I don’t live in LA anymore, and this type of LA-insider talk (of course you must include specific traffic detail that explains your delay, or even just how your day is going) is one of the things that I miss the most. Thank you for including it in the post, it made my day!

Cheryl
27 days ago
Reply to  Jamie

Literally an episode of The Californians on SNL. 😂

Kim
27 days ago

This is the conundrum Emily has backed herself into. She preaches sustainability, but everything she writes about on the blog is irresponsible consumerism. Fast fashion, plastic holiday decor items, plastic turf lined backyard, thousands of dollars of wallpaper in a rental and don’t even get me started on the farm house and the $30,000. Induction range from Europe, she is in no way practicing sustainability!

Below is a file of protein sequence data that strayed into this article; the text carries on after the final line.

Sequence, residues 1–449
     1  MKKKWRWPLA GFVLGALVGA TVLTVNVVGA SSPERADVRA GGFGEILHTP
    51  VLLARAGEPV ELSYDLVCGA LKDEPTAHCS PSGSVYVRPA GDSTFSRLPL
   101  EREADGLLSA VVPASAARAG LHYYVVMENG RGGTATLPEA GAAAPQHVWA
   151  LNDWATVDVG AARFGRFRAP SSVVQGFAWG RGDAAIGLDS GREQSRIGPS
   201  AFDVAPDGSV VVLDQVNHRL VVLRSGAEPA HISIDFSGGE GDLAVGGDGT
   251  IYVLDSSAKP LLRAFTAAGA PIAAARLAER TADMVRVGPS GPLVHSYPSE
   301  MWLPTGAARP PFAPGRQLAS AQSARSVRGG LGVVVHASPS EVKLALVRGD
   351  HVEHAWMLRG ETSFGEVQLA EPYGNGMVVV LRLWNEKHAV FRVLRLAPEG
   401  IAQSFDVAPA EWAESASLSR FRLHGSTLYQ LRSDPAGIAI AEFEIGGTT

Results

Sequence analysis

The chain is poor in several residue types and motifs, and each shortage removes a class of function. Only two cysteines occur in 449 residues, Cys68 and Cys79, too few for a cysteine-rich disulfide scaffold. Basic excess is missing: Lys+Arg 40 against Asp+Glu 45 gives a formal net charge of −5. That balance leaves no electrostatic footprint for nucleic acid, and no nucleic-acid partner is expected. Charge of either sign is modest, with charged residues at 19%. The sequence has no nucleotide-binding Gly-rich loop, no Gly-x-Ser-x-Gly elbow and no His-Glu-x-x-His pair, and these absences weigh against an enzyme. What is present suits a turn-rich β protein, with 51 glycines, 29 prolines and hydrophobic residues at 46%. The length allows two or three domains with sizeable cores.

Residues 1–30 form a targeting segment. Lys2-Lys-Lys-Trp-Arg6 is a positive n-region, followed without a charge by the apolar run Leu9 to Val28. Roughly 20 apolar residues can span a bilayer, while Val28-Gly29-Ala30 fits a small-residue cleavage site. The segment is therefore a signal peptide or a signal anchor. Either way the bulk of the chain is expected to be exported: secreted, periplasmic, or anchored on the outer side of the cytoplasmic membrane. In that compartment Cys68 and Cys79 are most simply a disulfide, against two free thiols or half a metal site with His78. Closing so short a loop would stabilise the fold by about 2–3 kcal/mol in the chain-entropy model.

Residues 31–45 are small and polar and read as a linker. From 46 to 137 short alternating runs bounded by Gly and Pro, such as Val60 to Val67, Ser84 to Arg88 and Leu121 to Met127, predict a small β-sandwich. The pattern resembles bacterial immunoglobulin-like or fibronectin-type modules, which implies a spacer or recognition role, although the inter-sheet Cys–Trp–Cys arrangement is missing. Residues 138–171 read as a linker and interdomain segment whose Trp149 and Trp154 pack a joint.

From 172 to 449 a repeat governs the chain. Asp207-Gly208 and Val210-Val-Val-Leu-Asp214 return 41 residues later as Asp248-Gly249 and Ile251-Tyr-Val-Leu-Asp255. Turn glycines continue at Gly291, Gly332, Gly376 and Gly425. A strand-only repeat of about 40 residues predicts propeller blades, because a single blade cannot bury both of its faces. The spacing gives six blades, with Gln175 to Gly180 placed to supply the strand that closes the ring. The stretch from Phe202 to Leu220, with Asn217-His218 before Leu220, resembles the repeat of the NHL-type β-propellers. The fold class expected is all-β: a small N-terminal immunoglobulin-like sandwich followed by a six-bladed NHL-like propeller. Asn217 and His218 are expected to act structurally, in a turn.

I realize that this is how she makes money, but she should not be preaching sustainability while manically shopping and linking a bunch of crap that will end up the landfill.

Deepa
27 days ago
Reply to  Kim

I’ve been reading EHD for years, and it has never struck me as a niche sustainable design blog — just a general design blog. And being a design blog, even though there are sometimes posts about antiquing / used flea market finds, etc., a site like this also bound to feature newer design / fashion trends, as well as where you can purchase items to participate in these trends. If you don’t want to participate in needless consumerism, (which is a perspective I’m not unsympathetic to), this is the wrong site, and the wrong hobby, for that matter, for you. Which is all to say, I think EHD is being unfairly crucified in some of these comments.

Ellen
27 days ago
Reply to  Kim

how is her $30,000 range is going to end up in a landfill?
wallpaper in a rental is going to end up in a landfill??
can you see the future?

MKP
26 days ago
Reply to  Kim